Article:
****The bolded and italicized text points out something I’d like to make note of.  Instead of scaling bbFIP to league ERA, to properly calculate WAR, it is scaled to RA/9 instead.
Using bbFIP to create WAR leads to some large differences in opinion from fWAR, rWAR or WARP, such as Jarrod Parker being worth 1.3 wins in 2012.  It may not look right, but bbWAR just calculates differently due to its batted ball usage.  Using batted ball rates does lead to some numbers that just don’t look right such as Jered Weaver’s 1.6 and Matt Cain’s 2.7 WAR in 2012.  This is due to batted ball classification issues as not all flyballs are hard hit.  Ideally for me batted balls would have 2 types of flyball classification, but as of right now there is just the one.
This gives us our first calculation, which we can just call bbFIP Calc.
Home Start bbFIP: 3.24
Road Start bbFIP: 3.00

PART – 2 Park Adjustment
Park Adjustment is one of the simpler steps in the process once we have separated all the data. All home data needs to have the park adjustment factored in. All park factors can be found in the fangraphs Guts! ( section.
Washington Nationals home park for 2012 posted a 100 park factor meaning that we just multiply his bbFIP 1.00.  But in say Colorado, where the park factor was 113 for 2012, you would multiply by 0.87.  Reaching that number is fairly simple. An easy way to calculate is x=((200 - park factor)/100)
Home Start bbFIP: 3.24

PART 3 – Run Environment
Run Environment is the conversion of runs to wins. To calculate this, we need IP/G, bbFIP (park adjusted for home data).  So to get the run environment we use the formula via Tom Tango for Runs To Wins conversion:
Run Environment =((((18 - IP/G) * LeagueRA + IP/G * bbFIP) / 18) + 2) * 1.5
Strasburg RE:
Home: 8.92
Road: 8.77

PART 4 – Win %, Above Average, Above Replacement
This next part of the calculation has several formulas that are based upon each other. First we have to find out how much better his bbFIP was then league average.  So our first formula in this step is simple:
bbFIP Above Average = League RA/9 – bbFIP (or park adjusted bbFIP).
Home: 1.01 R/9 Above Average
Road: 1.25 R/9 Above Average
Second part of this step is dividing the R/9 Above Average by the Run Environment.
Win % = (R/9 Above Average / Run Environment) + 0.500
Home: .613
Road: .643

PART 5 – Replacement Level
Through a bunch of fancy math, historical replacement levels have been determined.  Replacement level for starting pitchers is .380 Win % and for Relievers is .470.  The next thing we do is we take the pitchers Win % and subtract replacement level to find “% above replacement).
% Above Replacement = Win % - .380 (or .470 for relievers)
Home: .233
Road: .263

PART 6 – Final Calculations
We’re finally at the end of all the gory mathematical details, as Russell Carleton would say. There is just one last calculation to calculate WAR.  One simple calculation finishes the entire process. The last calculation factors in Innings pitched and % above replacement.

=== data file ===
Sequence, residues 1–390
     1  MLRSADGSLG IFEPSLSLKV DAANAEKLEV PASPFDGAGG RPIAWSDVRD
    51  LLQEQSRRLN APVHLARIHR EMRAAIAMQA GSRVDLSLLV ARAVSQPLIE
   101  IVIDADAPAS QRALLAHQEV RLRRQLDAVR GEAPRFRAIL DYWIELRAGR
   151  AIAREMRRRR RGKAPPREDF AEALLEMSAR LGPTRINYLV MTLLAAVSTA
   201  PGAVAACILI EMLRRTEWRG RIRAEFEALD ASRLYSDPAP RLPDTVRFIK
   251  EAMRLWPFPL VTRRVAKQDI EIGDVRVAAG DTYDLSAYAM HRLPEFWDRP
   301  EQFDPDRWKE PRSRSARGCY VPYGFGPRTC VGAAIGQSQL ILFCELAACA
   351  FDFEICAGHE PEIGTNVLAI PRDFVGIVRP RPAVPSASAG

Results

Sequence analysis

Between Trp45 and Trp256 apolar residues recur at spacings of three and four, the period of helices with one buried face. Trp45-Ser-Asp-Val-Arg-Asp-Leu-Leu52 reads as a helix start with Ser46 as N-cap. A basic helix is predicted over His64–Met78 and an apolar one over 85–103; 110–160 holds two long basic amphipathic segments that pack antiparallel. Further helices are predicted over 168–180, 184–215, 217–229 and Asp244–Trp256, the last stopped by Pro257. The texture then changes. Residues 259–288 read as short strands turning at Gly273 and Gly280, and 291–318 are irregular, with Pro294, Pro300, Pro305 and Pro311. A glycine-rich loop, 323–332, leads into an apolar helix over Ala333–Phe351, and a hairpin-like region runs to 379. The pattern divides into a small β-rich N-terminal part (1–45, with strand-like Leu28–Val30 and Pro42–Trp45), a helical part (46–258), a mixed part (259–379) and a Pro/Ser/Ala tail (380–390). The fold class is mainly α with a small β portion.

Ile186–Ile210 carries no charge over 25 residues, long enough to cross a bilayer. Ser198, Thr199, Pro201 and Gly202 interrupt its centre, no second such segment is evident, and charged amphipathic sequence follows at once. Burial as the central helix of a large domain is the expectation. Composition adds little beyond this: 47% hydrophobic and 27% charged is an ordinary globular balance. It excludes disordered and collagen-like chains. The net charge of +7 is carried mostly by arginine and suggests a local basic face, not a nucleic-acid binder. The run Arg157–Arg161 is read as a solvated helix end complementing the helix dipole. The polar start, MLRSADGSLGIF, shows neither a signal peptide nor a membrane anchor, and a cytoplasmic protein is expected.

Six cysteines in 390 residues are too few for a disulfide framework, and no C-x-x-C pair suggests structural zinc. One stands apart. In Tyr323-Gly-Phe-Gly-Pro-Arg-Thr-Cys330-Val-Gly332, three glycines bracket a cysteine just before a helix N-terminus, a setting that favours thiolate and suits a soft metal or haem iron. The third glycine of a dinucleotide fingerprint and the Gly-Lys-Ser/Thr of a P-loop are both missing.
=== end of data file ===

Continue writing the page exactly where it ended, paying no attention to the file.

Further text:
Wins Above Replacement = ( % Above Replacement * Innings pitched ) / 9
Home: 2.0 WAR
Road: 2.4 WAR
Total WAR: 4.4

And with that, we have reached the end. While not a completely original take on WAR, there are some ideas floating in my mind for experimenting and tinkering with the formula and methodology. I put in a lot of time on this (I do not know how to database unfortunately) and there was a lot of raw number inputting, so there may be the odd calculation error just due to the sheer magnitude of manually calculating data. Fangraphs doesn’t provide Home Start / Home Relief splits so Start / Relieving stats had to be separated manually.  So there is an element of error.  If someone with database ability or splits ability is willing to offer some help with this it would be majorly appreciated!

Monday, 6 May 2013

J.P. Arencibia And The Hidden Improved Approach

                In the dreary start to the Blue Jays 2013 season, one of the few bright spots has been the ridiculous and completely unsustainable power surge by Jonathan Paul Arencibia. Along with the power comes the strike outs and lack of walks, as expected, but yet Arencibia’s approach has been better this season.
                At this point you must be thinking I’m absolutely fucking nuts, and that might be fair. Arencibia has a 35.9% strikeout rate and a 1.7% walk rate, both worse than his already poor career numbers. It is early in the season and even as quickly as strikeout and walk rates normalize, there is reason to believe that J.P. has made some strides at the dish.
                Arencibia will always strike out at a high rate due to a long swing that does have some exploitable holes, but if he can avoid digging himself into holes by swinging at bad pitches there is a chance that he can lessen the his strikeout issues and perhaps hit for a higher average. To show some of the improvements I’ve seen in his approach I’m going to link to the tables below.

This strikezone map shows JP’s swing rate over his career. The first thing I want to focus on is the number of pitches down and away that he swings at.

Career Swing Percentages For J.P. Arencibia